Reviews > Books
‘Exit Wounds’: On the Haunting Presence of a Missing Lover

An abandoned lover enlists the help of an abandoned son to identify the corpse of the terrorist victim who betrayed them both.

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Fear and Loathing in Post-war Amsterdam

A bleakly funny book and a classic of Dutch literature, The Evenings tells the tale of a young man dealing with boredom and self-loathing during the last days of 1946.

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‘Everything is Teeth’ Explores an Ambiguous Relationship With Art and Memory

Memoirist Evie Wyld and artist Joe Sumner explore beneath the surface of the graphic memoir form.

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How Should the Story of Revolution Be Told?

UK scholar Helen Rappaport combines thorough scholarship with the stylistic grace of a novelist, and the result is a riveting tale of the Russian Revolution that’s difficult to put down.

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‘Exit West’ Is a Compassionate and Imaginative Fable of Migration

Mohsin Hamid rewrites the rules of time and space to tell the tale of migration in universal terms.

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‘Stephen Stills’ Won’t Be Making an Appearance Tonight

This new biography of Stephen Stills is an entertaining and informative overview of one of rock's most durable legends -- even without Stills' input.

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The Sexual, the Female, and the Forbidden Beckoned: ‘The Oxford History of Witchcraft & Magic’

It is hoped this solid anthology of level-headed observation will supplant spurious New Age-tinged assertions as well as lurid "exposés".

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Less Dogma, More Dissent: Paglia on ‘Sex, Gender, Feminism’

Contrary to what her critics might have one believe, Paglia demands more, not less, of contemporary feminism.

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Idealism to Mass Murder in ‘The Road to Jonestown’

The author of Manson tracks how Jim Jones’ tragic magnetism and promises of racial solidarity and socialist utopia pulled hundreds of people into his fatal orbit.

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Behind Francis Ford Coppola’s Magic, the Work: ‘The Godfather Notebook’

No one other than Coppola could have directed The Godfather, because the mental effort to work Puzo’s world into film is on the level of science fiction.

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Paul Madonna’s ‘On to the Next Dream’ Sketches out a Rapidly Changing San Francisco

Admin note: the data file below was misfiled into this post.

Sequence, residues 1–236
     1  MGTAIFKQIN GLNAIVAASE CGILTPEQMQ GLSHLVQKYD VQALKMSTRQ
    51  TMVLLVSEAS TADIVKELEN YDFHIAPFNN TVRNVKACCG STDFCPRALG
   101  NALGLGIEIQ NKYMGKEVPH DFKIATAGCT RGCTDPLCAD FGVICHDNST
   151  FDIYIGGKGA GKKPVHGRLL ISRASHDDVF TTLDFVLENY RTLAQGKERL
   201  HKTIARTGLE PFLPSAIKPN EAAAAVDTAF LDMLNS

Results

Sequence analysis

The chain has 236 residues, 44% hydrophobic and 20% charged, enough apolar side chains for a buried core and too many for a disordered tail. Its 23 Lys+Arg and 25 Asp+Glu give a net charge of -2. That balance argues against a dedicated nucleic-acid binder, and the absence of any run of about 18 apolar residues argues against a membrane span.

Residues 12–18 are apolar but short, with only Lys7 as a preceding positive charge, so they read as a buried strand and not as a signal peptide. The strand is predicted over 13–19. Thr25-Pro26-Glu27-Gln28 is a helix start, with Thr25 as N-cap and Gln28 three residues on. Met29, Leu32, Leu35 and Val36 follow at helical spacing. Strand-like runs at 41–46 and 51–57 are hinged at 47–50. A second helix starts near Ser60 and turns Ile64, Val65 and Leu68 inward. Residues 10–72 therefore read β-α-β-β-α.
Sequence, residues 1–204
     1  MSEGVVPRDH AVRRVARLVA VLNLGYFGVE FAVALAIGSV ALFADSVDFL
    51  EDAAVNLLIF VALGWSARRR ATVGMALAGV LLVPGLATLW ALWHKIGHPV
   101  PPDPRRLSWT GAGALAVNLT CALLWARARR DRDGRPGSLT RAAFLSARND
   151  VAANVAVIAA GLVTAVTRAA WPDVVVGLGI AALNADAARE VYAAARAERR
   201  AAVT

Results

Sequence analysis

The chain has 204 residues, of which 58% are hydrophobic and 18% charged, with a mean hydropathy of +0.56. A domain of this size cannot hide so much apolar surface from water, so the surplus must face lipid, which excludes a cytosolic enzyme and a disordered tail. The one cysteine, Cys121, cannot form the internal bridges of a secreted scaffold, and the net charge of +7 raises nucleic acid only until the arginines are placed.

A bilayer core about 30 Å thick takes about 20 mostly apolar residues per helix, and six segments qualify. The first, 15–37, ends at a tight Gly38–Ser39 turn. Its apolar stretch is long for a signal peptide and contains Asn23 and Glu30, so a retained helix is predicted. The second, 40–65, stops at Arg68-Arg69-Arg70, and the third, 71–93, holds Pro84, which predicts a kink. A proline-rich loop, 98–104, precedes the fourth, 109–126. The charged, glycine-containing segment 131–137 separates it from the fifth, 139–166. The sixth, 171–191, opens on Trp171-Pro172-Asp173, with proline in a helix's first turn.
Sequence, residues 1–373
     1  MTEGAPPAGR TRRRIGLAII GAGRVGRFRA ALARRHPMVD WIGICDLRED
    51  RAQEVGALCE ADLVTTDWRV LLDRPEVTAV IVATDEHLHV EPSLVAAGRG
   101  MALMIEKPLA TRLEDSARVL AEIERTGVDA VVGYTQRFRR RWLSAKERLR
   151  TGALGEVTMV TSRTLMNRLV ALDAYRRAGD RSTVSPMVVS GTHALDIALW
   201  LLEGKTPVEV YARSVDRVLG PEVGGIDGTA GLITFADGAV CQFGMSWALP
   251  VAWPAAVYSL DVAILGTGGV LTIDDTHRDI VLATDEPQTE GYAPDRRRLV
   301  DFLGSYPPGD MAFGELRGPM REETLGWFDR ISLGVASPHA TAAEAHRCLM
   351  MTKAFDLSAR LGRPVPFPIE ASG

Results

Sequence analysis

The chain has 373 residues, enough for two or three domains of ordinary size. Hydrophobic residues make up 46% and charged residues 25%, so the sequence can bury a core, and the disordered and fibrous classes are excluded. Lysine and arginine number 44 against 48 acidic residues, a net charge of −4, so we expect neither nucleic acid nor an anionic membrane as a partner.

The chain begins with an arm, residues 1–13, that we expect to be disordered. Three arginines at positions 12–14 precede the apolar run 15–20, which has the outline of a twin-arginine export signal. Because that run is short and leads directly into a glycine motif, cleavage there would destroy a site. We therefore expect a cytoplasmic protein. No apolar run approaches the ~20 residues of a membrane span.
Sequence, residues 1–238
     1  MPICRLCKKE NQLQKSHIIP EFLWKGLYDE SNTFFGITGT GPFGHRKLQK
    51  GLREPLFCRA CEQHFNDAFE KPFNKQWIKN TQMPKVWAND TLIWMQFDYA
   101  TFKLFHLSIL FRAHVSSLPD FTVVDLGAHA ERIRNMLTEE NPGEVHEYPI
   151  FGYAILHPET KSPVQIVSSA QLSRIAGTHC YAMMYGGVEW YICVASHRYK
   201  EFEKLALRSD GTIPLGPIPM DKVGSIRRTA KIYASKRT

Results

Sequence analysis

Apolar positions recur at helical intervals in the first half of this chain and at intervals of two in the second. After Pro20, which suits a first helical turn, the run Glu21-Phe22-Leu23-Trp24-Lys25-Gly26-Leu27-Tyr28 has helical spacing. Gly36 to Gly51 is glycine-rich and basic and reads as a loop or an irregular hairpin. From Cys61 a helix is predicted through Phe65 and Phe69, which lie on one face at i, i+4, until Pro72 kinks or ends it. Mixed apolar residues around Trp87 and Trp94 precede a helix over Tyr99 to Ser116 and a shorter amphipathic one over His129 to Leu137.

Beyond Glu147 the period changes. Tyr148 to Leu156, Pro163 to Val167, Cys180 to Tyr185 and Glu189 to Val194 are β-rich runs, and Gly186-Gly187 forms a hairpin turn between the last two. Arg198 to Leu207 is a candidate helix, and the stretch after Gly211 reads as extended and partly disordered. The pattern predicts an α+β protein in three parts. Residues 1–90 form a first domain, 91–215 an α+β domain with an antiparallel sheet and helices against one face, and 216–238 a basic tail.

Progress -- that is, gentrification -- marches on in San Francisco, for better and for worse, in this fantastical narrative from the creator of All Over Coffee.

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The Story of Hemingway and Dos Passos Is as Exciting as Any of Their Novels

The Ambulance Drivers tells of how Hemingway would use literature to seize the world and Dos Passos would use literature to change it.

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Lars Svendsen Dispels Assumptions About Loneliness

In A Philosophy of Loneliness, Svendsen doesn't so much elucidate the topic of loneliness as he complicates it, thereby dispelling our many illusions.

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‘True South’ and the Foot Soldiers of the Civil Rights Movement

True South functions as a reminder of how great and important Eyes on the Prize is, and why it remains essential.

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‘Elvis’s Army’: Training for a War That Never Came

A masterful look at the US Army between Korea and Vietnam: stumbling into an uncertain future, amid racial integration, endless paperwork, and nuclear-armed jeeps.

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‘Electri_City’ Is Missing the Spark

It took a lot of work in the '70s to make music that sounded like it was created entirely by robots. The same could be said for Electri_City.

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Imagine a World of Trees—Without Us

Bloomsbury's Object Lessons' installment, Tree, brings to the fore our complicated relationship with this life form.

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Between Comfort and Threat, Thriving and Despair: Stories From Iceland

The affluence enjoyed by many in these pages pales before the ultimate mysteries suffusing the island.

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J.D. Wilkes Puts the American South’s Contradictions Up for Reconsideration

A novel that believes monsters are “as much a part of us as our penchant for fried chicken and turnip greens.”

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‘No Quarter’ Neither Galvanises Nor Destroys Jimmy Page’s Mythic Persona

Jimmy Page's mythic reputation is preserved with grace and pathos in Martin Power's biography.

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NYFF 2017: 'Mudbound'

// Notes from the Road

"Dee Rees’ churning and melodramatic epic follows two families in 1940s Mississippi, one black and one white, and the wars they fight abroad and at home.

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